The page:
Sunday, 14 August 2011

Heinrich Events

Heinrich events were first described in 1988 by the German marine geologist, Hartmut Heinrich, whose study demonstrated that six times during the last glacial huge iceberg armadas discharged from Canada into the North Atlantic, depositing, as they melted, lithic fragments. Peaks in the abundance of these lithic fragments far from land can only be attributed to icebergs melting as sea ice only transports dust and to further support this idea, much of the ice-rafted debris found consists of limestone similar to that exposed in much of Canada today (although lithic fragments from across the North Atlantic do feature). The lithic peaks form layers in sediment cores, known as Heinrich layers, which extend some 3000km across the North Atlantic, and seem to reflect an episodic nature in Heinrich events, with each one lasting approximately 1ka and occurring at intervals of 7-13ka (over the last 100ka).
Laurentide ice sheet during Last Glacial Maximum (LGM)
The six events described by Heinrich are not unique as there are many lesser peaks in the lithic content of sediment cores. They are, however, the largest of the now recognised events in high-resolution core logs. In every event, icebergs were released when the surrounding surface water was cold but then abruptly warmed. All of this can be said with confidence but the exact cause of the periodic surges in the flow of the Laurentide ice-sheet (covered eastern Canada) provides an air of uncertainity as explaining the cause of the characteristic iceberg armadas is slightly harder than identifying them in sediment cores. There are, though, two fundamentally differing models that try to do this.
Denton model for iceberg armadas
The Denton model is essentially climatically driven as it based on global cooling leading to greater snowfall and thus a rapid expansion of ice-sheets/shelves and then marine ablation calving the icebergs from the expanding ice-shelf. Fundamentally the Denton model lays blame with the external cause of ice-sheet/shelf expansion as a result of global cooling as the forcing factor.
- Evidence supports cooling in the North Atlantic before the Heinrich events
- The model explains the surging of South American glaciers and other global responses without the need for complicated teleconnections, during the same period of time
- Around 1.5ka climate cycles are known to have occured during the last 10ka and, despite them being an order of magnitude smaller than Dansgaard-Oeschger events, they too suggest external forcing over internal forcing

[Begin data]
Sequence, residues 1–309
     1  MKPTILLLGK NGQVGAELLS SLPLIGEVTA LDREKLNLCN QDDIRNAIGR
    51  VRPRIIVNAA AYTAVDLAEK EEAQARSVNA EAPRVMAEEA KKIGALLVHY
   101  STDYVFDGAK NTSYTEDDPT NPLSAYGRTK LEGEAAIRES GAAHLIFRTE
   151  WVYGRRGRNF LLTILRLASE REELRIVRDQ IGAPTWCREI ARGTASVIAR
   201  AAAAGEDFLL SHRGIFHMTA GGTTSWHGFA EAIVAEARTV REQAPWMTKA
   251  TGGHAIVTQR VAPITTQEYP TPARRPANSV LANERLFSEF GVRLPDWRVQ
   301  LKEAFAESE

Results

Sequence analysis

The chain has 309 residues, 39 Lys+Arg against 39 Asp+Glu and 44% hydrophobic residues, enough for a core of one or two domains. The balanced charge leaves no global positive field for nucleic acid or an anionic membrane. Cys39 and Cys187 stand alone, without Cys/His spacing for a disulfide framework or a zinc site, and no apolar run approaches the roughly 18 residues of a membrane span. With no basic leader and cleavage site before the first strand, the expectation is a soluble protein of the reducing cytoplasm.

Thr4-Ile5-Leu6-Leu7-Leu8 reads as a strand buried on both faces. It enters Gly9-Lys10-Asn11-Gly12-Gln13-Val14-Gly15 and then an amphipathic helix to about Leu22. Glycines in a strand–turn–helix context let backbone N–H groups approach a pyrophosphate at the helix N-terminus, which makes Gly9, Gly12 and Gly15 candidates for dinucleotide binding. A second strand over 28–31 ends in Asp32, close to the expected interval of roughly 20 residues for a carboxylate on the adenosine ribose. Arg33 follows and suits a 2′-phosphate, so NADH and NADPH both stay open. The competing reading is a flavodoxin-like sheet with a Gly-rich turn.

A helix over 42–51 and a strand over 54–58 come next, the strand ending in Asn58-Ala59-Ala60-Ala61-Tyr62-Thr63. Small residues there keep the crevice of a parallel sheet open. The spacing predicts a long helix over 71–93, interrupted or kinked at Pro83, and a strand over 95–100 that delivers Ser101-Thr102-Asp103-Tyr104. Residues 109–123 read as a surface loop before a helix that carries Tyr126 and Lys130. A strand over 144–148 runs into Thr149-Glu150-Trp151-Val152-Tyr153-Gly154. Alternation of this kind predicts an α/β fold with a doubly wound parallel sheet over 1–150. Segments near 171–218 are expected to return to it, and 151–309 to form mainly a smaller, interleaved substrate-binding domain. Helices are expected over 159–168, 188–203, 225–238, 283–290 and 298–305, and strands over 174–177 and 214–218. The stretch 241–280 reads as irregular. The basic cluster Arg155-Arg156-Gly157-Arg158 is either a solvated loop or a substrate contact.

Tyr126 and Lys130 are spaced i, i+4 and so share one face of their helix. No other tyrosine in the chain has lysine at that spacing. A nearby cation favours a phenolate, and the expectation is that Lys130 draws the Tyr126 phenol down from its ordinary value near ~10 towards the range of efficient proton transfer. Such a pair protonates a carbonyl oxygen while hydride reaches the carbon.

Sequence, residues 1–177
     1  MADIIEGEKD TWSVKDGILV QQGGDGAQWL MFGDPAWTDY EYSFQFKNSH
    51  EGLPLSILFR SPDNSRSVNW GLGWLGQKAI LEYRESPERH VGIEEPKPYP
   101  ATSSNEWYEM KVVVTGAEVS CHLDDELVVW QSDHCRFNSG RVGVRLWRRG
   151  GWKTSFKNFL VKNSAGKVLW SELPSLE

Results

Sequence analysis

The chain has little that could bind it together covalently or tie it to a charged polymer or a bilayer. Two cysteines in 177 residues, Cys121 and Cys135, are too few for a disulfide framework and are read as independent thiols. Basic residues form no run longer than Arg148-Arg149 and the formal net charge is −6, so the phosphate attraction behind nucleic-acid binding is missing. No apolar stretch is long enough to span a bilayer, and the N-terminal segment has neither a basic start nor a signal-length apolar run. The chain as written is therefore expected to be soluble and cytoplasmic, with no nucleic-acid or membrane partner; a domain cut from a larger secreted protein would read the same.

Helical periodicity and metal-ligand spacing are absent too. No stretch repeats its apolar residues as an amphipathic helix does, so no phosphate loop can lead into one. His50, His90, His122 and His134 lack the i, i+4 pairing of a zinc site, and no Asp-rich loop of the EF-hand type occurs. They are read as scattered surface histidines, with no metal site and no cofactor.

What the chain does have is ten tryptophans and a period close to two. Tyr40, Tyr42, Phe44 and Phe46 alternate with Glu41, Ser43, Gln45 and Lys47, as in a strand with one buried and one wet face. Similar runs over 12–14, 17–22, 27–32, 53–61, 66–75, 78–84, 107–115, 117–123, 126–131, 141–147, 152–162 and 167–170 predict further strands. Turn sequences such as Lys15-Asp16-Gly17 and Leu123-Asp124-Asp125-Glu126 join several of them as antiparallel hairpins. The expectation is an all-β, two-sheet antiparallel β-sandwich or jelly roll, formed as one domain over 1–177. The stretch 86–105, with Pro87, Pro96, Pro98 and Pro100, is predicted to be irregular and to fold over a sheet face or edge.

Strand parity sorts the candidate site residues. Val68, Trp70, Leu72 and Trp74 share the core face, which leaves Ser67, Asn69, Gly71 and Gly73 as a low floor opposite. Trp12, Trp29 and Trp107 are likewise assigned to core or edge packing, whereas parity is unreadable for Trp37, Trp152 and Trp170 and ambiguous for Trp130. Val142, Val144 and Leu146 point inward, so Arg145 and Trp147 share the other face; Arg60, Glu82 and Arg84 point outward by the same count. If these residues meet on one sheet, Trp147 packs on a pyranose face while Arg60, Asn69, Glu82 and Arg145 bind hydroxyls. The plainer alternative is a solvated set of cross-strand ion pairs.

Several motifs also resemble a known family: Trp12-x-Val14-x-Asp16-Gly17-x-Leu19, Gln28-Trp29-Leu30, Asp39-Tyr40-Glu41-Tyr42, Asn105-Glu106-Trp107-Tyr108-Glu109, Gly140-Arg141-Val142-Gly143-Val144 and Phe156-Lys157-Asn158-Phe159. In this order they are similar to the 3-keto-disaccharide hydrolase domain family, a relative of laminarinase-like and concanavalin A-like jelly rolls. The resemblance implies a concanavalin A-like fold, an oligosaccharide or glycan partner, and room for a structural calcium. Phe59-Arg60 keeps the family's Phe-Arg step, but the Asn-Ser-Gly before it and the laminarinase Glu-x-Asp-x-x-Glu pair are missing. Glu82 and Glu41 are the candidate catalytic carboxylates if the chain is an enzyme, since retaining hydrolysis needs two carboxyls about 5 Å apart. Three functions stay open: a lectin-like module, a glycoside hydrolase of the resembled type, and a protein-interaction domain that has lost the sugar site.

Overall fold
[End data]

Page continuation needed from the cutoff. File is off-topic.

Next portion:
- The model cannot explain the rapidity of events
- Heinrich events do not have consistent cyclicity as early on in the last glacial period they occured every 13ka but then later on they occured every 7ka
The MacAyeal 'binge-purge' model for iceberg armadas
The MacAyeal ‘binge-purge’ model blames an internal cause (ice sheet failure) due to geothermal and frictional heat periodically building up and getting trapped beneath the ice-sheet, thus melting the base and provoking the catastrophic failure of the ice-sheet. So, instead of being climactically driven, it’s reliant on the mechanical failure of ice-sheets due to thermal modification at its base.  MacAyeal suggested that the Laurentide ice-sheet grew whilst its base was frozen solid to both the crystalline rock (currently exposed on land in Canada) and the softer sediments found beneath Hudson Bay, to the south of the ice-sheet. When the base of the ice-sheet was heated enough, by geothermal heat, to cause the sediments to thaw, the rapid ice movement of the purge was initiated. Frictional heating then further increased the temperature, provoking a positive feedback as the ice movement was accelerated further. Despite this, the greater friction at the ice/crystalline rock meeting point prevented the total collapse of the ice sheet. This model highlights the fact that natural systems can display abrupt changes caused by a forcing factor that fails to change with time and so can occur independently of the external forcing factor; one of the reasons for the difficultly in making predictions about the future impacts of climatically driven forcing factors.
- The model is able to explain the rapid initiation and termination of Heinrich events - something that the Denton model fails to do
- Due to its dependency on the size of the ice sheet, it can explain the irregular cyclicity of Heinrich events
- Provides an explanation of the large amount of ice-rafted debris, which forms the Heinrich layer, found in the North Atlantic
- Cannot explain the cooling known to have occured before each Heinrich event
- It needs a mechanism, such as the NADW, to transport the 'signal' around the world